Delegation in North for a three-day visit
Cho led a delegation from Seoul for a three-day visit to Pyongyang to celebrate the 11th anniversary of a peace declaration signed in the 2007 inter-Korean summit. The delegation left Seoul Thursday.
The so-called Pyongyang Declaration signed by South Korean President Moon Jae-in and North Korean leader Kim Jong-un on Sept. 19 in their third summit states that the countries agreed to hold “meaningful events” to celebrate the 11th anniversary of the Oct. 4 Declaration.
The Oct. 4 Declaration was signed by former South Korean President Roh Moo-hyun and then-North Korean leader Kim Jong-il in the second summit held between the leaders of the two countries since the end of the 1950-53 Korean War.
This will be the first time the two Koreas will hold a joint ceremony to celebrate the signing of the Oct. 4 Declaration, which emphasized peace, prosperity and the reunification of the Korean Peninsula.
South Korea’s delegation is composed of 160 government officials, politicians, civic group members and others from the private sector, including Lee Hae-chan, chairman of the ruling Democratic Party, who is also the chairman of the board of directors of the Roh Moo Hyun Foundation; Rep. Won Hye-young of the Democratic Party; Busan Mayor Oh Keo-don; and Chi Eun-hee, ex-chairman of the board of directors at Justice for the ‘Comfort Women,’ a civic group dedicated to Korean women who were recruited by the Japanese imperial army to work as sex slaves in military brothels during World War II.
During their stay, which lasts through Saturday, the group will participate in a ceremony hosted by both countries today at the People’s Palace of Culture from 10 a.m. to noon, watch the same mass gymnastics games that Moon saw during his visit to Pyongyang last month, visit North Korean landmarks and hold talks with their North Korean counterparts.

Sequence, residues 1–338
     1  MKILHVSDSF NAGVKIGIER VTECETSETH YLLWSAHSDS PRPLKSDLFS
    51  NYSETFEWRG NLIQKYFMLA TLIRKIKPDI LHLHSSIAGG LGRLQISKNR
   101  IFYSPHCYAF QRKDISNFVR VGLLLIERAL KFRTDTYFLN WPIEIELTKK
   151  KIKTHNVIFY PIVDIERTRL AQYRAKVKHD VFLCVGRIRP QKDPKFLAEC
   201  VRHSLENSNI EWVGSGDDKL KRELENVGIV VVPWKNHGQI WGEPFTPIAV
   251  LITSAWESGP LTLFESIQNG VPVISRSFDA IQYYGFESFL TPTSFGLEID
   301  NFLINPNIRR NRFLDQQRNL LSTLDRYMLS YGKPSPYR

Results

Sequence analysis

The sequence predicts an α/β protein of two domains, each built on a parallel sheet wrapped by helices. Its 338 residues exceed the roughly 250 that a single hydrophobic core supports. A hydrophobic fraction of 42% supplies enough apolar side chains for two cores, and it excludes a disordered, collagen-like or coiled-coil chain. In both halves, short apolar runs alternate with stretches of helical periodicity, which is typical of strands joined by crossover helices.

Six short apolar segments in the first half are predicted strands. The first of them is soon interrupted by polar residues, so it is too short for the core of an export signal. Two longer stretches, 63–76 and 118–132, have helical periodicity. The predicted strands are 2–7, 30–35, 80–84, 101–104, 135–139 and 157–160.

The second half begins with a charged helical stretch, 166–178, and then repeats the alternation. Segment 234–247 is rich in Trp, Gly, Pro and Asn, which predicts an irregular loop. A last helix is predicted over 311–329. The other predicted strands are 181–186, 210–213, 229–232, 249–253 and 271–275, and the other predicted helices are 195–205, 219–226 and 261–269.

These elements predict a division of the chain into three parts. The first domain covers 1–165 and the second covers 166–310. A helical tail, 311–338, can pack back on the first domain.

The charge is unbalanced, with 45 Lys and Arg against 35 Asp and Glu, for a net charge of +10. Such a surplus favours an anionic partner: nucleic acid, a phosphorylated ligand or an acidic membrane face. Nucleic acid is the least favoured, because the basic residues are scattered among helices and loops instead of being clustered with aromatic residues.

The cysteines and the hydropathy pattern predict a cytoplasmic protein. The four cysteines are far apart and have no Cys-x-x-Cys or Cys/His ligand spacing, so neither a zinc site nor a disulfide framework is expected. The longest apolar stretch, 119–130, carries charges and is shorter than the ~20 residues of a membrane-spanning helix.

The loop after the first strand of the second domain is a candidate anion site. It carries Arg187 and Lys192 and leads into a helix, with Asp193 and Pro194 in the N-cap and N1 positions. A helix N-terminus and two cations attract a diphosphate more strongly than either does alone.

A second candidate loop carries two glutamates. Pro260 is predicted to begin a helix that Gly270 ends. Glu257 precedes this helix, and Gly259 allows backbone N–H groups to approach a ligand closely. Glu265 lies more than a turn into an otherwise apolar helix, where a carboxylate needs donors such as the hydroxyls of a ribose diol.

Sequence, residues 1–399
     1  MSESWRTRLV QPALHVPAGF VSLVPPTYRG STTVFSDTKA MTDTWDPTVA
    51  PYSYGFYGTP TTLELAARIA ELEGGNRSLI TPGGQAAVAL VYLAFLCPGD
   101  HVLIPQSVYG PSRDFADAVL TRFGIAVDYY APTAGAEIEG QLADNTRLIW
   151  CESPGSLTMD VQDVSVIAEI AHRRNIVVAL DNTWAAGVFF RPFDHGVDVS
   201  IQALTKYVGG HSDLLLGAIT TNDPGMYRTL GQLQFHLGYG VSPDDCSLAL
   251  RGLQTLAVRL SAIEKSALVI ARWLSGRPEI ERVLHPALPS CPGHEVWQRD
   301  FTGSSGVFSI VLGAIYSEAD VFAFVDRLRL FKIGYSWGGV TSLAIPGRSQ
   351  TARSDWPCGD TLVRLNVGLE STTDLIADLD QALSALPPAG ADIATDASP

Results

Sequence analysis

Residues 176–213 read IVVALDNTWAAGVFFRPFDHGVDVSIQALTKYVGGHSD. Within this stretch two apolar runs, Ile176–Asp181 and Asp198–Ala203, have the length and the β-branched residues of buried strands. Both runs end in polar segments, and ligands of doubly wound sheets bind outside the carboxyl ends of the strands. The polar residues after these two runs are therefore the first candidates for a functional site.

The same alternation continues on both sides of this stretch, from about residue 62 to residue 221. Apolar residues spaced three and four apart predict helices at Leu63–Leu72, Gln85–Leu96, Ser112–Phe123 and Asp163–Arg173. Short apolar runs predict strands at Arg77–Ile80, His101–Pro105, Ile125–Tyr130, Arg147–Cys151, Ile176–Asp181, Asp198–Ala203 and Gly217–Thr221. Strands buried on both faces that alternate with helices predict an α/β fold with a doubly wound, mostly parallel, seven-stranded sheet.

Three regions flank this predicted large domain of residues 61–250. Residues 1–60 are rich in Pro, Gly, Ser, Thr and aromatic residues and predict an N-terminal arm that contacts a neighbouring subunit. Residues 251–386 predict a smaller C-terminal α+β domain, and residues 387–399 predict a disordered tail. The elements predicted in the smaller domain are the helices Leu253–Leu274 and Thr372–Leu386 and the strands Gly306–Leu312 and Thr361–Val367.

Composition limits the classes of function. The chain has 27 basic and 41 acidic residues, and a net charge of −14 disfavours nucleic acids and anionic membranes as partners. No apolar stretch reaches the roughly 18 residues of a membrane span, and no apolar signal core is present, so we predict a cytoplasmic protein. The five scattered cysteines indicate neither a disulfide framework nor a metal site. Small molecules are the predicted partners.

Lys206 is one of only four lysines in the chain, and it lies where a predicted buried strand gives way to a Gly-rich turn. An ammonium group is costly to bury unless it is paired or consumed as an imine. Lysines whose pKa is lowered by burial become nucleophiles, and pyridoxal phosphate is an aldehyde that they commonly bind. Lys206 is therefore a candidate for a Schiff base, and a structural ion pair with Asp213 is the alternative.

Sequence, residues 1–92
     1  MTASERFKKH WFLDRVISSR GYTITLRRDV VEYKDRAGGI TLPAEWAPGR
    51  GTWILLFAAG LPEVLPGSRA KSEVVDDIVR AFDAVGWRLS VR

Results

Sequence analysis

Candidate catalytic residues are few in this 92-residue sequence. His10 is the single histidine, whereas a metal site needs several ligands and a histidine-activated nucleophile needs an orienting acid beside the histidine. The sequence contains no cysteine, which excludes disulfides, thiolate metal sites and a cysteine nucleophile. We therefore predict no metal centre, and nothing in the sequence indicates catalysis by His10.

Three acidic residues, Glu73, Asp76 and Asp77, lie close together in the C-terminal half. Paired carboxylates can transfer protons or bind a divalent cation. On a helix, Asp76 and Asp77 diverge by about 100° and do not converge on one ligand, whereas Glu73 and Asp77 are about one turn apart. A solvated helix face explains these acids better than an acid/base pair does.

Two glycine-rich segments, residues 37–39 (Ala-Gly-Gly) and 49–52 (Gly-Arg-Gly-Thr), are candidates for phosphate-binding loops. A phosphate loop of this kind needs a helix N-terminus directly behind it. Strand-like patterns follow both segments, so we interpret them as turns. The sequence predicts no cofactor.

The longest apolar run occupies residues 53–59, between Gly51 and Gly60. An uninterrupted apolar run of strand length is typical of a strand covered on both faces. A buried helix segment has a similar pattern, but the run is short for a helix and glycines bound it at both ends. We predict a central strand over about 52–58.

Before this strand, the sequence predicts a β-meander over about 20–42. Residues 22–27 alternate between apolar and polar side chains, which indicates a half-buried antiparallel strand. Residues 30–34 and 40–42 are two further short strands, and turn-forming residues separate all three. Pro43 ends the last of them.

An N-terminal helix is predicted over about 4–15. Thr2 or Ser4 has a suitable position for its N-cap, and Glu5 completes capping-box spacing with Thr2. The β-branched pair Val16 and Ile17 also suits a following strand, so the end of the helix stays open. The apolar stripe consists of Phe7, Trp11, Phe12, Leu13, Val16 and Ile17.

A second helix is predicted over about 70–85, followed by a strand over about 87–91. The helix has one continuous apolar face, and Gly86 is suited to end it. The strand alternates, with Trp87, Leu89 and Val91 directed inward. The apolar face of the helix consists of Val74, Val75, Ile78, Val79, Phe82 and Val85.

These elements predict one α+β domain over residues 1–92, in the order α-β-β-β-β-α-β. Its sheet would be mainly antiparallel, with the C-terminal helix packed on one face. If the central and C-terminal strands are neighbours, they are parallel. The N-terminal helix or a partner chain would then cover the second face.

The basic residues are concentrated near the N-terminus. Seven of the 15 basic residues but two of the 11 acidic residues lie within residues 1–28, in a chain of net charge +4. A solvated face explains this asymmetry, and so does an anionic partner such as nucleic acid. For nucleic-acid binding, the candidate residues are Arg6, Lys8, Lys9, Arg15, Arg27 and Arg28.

On Thursday evening, the delegation attended a welcome concert at Pyongyang Grand Theatre and had dinner with North Korean officials at the People’s Palace of Culture.
Inter-Korean talks are expected to focus on how to carry out the Pyongyang Declaration, said the South’s Unification Ministry, which handles relations with the North, but it was not known which North Korean officials would take part. Unification Minister Cho said Thursday before departing South Korea that a meeting with North Korean leader Kim Jong-un hadn’t been fixed, and that he wouldn’t know until he arrived in Pyongyang if one was possible.
The group flew in three government planes from Seoul Air Base in Seongnam, Gyeonggi, on Thursday morning, arriving in Pyongyang about an hour later taking an air route over the Yellow Sea.
An official at the Unification Ministry who spoke on the condition of anonymity said Seoul was planning to share the cost of accommodations with those participating from the South’s private sector, stressing that such payment won’t violate United Nations Security Council resolutions because they were aimed at the “restoration of national homogeneity.”
The official said the ministry tentatively decided to allocate about 280 million won ($248,000) from state coffers, though a precise figure will be released when the delegation returns home.
Lee, chairman of the ruling Democratic Party, said he was scheduled to meet Kim Yong-nam, North Korea’s nominal head of state who also serves as president of the Presidium of the Supreme People’s Assembly, the regime’s rubber-stamp legislature, to discuss holding a meeting between the two countries’ parliaments by the end of this year.
BY LEE SUNG-EUN, JOINT PRESS CORPS [firstname.lastname@example.org]
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